Gut microbiome: meet Roseburia intestinalis — the energy-producing bacterium that helps us fight against disease

Gut microbiome: meet Roseburia intestinalis — the energy-producing bacterium that helps us fight against disease
_R intestinalis_ makes butyrate from polysaccharides, which are found in starchy foods such as potatoes. Photo Oz/ Shutterstock

The hundreds of species of microorganisms that comprise the microbiome all have different, unique roles.

One of the important functions that takes place in the gut is the production of short-chain fatty acids. These molecules are derived from the fermentation of polysaccharides (a type of carbohydrate) which are primarily found in starchy foods. These short-chain fatty acids are then used in a range of processes – including providing cells with the energy they need to grow and multiply and enabling communication between the gut and the brain.

The gut’s microbes mainly make three short-chain fatty acids: acetate, propionate and butyrate. Together, these provide around 60% of all energy used by the intestinal cells – and about 10% of our body’s overall calorie requirements.

Arguably, the most important of these short-chain fatty acids is butyrate, which has been widely studied due to its apparent links to health and disease.

Butyrate is the primary source of energy used to create and maintain the mucus membrane that lines our digestive tract. This lining is vital for healthy gut function, protecting the body from infection and absorbing nutrients from the foods we eat.

One of the primary producers of butyrate in the gut is the bacterium Roseburia intestinalis.

Energy production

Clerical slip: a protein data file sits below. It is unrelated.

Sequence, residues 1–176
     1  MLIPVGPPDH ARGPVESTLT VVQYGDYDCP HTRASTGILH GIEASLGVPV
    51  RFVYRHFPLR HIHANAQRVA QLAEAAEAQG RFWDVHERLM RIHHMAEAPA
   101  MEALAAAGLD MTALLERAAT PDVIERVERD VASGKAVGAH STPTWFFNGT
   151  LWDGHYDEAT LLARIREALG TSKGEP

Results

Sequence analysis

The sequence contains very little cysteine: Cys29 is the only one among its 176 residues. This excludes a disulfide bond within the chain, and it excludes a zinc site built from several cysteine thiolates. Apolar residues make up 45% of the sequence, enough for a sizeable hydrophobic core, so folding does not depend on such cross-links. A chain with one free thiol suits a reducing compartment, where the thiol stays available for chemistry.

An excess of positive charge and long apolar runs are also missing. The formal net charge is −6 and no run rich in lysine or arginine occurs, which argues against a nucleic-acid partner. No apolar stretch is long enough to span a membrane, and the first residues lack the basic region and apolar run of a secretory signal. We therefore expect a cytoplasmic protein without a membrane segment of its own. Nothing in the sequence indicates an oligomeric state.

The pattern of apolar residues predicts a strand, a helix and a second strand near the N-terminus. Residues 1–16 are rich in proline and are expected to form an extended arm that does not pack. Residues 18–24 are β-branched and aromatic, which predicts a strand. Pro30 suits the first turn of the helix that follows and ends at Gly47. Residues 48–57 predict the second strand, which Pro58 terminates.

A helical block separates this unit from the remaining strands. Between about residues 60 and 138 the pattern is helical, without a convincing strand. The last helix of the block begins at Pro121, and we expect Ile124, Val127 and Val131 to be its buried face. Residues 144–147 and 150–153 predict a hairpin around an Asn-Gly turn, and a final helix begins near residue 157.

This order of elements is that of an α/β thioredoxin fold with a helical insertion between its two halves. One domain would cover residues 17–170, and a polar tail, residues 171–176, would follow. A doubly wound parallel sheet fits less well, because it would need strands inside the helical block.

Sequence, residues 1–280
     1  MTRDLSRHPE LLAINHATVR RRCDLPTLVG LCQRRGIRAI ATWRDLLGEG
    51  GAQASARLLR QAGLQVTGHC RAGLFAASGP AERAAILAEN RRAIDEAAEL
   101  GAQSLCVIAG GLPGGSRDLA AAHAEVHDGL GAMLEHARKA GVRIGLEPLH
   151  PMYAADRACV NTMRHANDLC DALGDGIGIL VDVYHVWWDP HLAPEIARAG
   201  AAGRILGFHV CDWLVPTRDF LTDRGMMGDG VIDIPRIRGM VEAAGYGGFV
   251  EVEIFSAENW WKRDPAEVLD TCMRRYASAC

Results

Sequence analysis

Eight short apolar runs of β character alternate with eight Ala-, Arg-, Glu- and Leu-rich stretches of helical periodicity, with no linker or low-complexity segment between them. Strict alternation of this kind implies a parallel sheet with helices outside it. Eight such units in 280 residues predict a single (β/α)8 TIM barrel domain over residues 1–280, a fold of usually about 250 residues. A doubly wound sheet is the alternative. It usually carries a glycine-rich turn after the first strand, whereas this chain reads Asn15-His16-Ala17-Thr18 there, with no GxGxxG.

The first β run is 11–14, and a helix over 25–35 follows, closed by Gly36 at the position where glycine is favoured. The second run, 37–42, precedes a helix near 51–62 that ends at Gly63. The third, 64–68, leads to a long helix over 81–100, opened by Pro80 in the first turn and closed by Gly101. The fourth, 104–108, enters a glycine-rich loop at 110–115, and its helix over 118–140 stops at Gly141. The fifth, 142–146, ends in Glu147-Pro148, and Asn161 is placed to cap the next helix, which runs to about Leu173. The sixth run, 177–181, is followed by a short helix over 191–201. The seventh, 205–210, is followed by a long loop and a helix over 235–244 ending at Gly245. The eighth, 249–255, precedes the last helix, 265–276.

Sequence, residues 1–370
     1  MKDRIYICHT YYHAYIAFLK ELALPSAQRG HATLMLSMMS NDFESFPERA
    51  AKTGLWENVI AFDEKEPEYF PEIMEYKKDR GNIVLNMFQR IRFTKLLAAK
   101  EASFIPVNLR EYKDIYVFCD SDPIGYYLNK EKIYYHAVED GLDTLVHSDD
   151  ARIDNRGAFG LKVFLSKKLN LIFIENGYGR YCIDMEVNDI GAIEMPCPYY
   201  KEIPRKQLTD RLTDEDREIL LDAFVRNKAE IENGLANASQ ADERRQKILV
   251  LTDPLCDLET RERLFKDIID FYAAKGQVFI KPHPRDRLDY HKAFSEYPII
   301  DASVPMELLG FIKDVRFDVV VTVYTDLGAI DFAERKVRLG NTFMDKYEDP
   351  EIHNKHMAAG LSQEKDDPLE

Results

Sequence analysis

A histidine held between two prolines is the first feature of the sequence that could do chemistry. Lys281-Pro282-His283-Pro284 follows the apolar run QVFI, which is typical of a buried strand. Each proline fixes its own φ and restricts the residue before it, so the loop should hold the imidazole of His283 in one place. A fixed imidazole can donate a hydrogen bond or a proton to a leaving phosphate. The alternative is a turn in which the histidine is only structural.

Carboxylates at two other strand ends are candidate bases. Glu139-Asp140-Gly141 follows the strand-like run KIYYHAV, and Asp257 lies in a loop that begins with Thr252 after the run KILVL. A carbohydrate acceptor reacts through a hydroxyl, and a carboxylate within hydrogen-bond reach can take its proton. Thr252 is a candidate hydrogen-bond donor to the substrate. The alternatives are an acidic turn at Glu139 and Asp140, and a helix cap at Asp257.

R intestinalis lives in close contact with the mucus membrane of our gut cells and makes up just over 2% of the entire population of the human gut microbiome. It creates butyrate from the polysaccharides we eat using a special type of enzyme. While it isn’t the only bacterium in the gut that produces butyrate, R intestinalis is one of its most abundant producers.

R intestinalis has been linked to many health benefits, such as preventing inflammation and restoring good bacterial balance in the microbiome.

This bacterium also seems to regulate some of the communication that happens between the gut and brain – and may even play a role in protecting against some diseases, such as Crohn’s, ulcerative colitis and both type 1 and type 2 diabetes.

A digital rendering of the human brain.
This bacterium helps facilitate communication between the gut and the brain.
Fer Gregory/ Shutterstock

These health benefits are probably thanks to the fact that the butyrate R intestinalis produces provides nutrients and energy to other bacterial species who have more specialised jobs in the gut. Butyrate also helps regulate many aspects of our immune system. It does this through promoting or suppressing the production of key immune cells.

Much of these discoveries of R intestinalis’s benefits are very recent and more research will be needed to better confirm what specific roles this bacterium plays in the gut, and how exactly it enhances our own fight against disease.

Butyrate production may also be more complex than it appears, with studies finding a link between low levels of butyrate production and obesity.

But given its key role in promoting a healthy gut – alongside its wider effects on the immune system and body – it’s no wonder R intestinalis is starting to be considered as a potential probiotic. This would mean we could see it added to supplements in order to promote a healthier microbiome in the future.


This article is part of Meet Your Gut Microbes, a series about the rich constellation of bacteria, viruses, archaea and fungi that live in people’s digestive tracts. Scientists are increasingly realising their importance in shaping our health – both physical and mental. Each week we will look at a different microbe and bring you the most up-to-date research on them.


The Conversation

Conor Meehan does not work for, consult, own shares in or receive funding from any company or organisation that would benefit from this article, and has disclosed no relevant affiliations beyond their academic appointment.